Georgia lawmakers resurrecting ‘zombie bills’ as end of session nears
ATLANTA, Ga. (Atlanta News First) - The final day the 2023 legislative session, also called ‘Sine Die’, is March 29.
Lawmakers routinely rush legislation back to life in the session’s final hours.
These ‘zombie bills’ failed earlier in the session.
“It’s part of the process, for better or for worse,” said Rep. Leesa Hagan, R-Lyons.
“I think frequently it’s a good thing because it allows something that didn’t get out [of committee] to maybe have a chance to get out, which is what happened in this case,” said Rep. Hagan.
Last week, Rep. Hagan proposed a bill to designate the Southeast Georgia Soap Box Derby as the official soap box derby of the State of Georgia.
The bill was suddenly ‘hijacked’ by Lieutenant Governor Burt Jones, who substituted language around legalizing sports betting.
During the committee meetings, some lawmakers criticized the move.
“When you hijack a soap box derby and put sports betting on the back of it, everybody who is on the fence in the State of Georgia has just picked a side of the fence,” said Sen. Mike Dugan, R-Carrollton.
This tactic of resurrecting ‘zombie bills’ is legal as long as the substitution language falls under the same Georgia code.
“It has to be in the same part of the Georgia code. So you couldn’t say for example, inject a bill dealing with education into something dealing with transportation. That wouldn’t work,” explained University of Georgia political science professor Charles Bullock.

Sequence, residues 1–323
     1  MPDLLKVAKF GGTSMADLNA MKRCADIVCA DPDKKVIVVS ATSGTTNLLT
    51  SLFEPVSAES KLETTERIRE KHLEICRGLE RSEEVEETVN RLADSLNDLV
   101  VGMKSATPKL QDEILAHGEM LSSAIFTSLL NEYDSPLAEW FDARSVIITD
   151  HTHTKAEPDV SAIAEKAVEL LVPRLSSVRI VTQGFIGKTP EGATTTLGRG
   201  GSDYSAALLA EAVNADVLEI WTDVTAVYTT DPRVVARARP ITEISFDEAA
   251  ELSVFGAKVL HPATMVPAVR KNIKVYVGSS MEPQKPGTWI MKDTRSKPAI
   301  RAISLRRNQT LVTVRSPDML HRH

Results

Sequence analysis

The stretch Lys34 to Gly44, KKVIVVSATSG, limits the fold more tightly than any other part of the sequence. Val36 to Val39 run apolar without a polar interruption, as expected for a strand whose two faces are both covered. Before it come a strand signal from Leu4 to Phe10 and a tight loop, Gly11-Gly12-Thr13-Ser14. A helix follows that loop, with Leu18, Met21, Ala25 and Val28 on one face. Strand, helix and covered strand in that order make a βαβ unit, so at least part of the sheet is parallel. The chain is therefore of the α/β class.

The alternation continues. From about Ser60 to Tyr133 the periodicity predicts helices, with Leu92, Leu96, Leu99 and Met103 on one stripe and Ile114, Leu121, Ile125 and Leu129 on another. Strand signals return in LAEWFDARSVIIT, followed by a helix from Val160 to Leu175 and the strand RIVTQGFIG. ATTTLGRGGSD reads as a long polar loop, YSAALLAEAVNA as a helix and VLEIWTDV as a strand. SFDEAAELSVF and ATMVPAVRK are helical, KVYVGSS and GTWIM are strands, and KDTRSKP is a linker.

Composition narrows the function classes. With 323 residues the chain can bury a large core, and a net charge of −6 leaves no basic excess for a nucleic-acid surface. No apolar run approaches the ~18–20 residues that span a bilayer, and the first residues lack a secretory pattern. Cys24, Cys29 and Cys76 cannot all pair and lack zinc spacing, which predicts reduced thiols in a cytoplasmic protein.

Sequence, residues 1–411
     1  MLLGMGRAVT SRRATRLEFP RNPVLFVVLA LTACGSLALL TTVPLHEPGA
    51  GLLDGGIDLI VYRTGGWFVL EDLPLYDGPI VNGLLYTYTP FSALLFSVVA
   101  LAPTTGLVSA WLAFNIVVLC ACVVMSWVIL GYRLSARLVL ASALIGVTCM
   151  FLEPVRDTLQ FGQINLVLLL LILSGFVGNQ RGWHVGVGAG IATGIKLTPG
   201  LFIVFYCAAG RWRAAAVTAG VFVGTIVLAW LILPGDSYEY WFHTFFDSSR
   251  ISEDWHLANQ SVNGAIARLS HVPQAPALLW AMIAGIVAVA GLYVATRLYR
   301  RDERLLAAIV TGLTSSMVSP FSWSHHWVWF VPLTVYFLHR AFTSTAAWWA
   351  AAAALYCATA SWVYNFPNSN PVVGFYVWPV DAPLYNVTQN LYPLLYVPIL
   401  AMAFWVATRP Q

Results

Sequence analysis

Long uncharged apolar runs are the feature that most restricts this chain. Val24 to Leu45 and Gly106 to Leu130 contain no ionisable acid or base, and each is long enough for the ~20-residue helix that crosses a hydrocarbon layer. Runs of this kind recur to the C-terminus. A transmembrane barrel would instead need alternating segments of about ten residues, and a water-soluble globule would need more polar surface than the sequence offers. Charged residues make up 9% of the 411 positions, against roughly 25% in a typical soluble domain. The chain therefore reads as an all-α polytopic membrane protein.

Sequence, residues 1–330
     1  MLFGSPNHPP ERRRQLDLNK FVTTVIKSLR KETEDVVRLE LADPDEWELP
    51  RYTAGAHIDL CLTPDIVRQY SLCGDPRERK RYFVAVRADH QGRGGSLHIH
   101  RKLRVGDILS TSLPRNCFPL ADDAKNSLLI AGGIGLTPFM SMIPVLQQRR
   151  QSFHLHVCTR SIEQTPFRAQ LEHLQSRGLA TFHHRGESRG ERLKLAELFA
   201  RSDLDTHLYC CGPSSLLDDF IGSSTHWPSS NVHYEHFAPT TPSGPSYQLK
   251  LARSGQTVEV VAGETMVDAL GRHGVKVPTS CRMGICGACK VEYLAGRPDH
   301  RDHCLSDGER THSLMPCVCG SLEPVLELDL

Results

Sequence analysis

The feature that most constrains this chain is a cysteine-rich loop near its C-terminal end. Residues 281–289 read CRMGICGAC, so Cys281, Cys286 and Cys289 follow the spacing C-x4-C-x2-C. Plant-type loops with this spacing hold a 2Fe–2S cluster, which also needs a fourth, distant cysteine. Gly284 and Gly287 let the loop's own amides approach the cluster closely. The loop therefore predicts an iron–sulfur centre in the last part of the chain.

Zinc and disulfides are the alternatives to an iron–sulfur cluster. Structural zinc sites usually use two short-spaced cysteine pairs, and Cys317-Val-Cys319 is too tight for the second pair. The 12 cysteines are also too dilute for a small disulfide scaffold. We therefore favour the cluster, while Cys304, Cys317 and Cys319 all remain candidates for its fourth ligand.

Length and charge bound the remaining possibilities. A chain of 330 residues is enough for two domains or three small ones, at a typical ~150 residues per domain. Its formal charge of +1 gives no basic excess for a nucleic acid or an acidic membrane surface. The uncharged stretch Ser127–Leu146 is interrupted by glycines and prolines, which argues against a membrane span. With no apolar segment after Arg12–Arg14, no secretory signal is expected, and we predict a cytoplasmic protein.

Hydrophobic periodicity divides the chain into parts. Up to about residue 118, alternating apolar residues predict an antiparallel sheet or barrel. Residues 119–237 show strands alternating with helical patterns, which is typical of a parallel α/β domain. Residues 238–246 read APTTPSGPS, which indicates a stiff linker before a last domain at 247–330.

Hagan told Atlanta News First she understood the move but was frustrated that she didn’t get any notice before the substitution.
“It just happened to be something that I did not want associated with my original language. That was the only problem,” said Rep. Hagan.
Within a week’s time, Hagan went from ‘zombie bill’ victim to ‘zombie bill’ sponsor.
Her soap box derby bill was substituted into an otherwise defunct SB 158, which previously dealt with insurance issues.
Rep. Hagan said she got permission from the bill sponsor, Sen. Randy Robertson, before she substituted her language.
Bullock said this tactic is used most approaching the final hours of a session.
“This becomes especially important in the very last hours of a legislative session,” said Bullock.
In the final hours of the final day of the 2022 session, lawmakers hijacked a bill about divisive concepts in schools by injecting language allowing schools to ban transgender girls from competing with other girls in high school sports.
The measure passed.
Rep. Hagan said her new bill still needs to be passed by the Senate before the governor could sign it into law.
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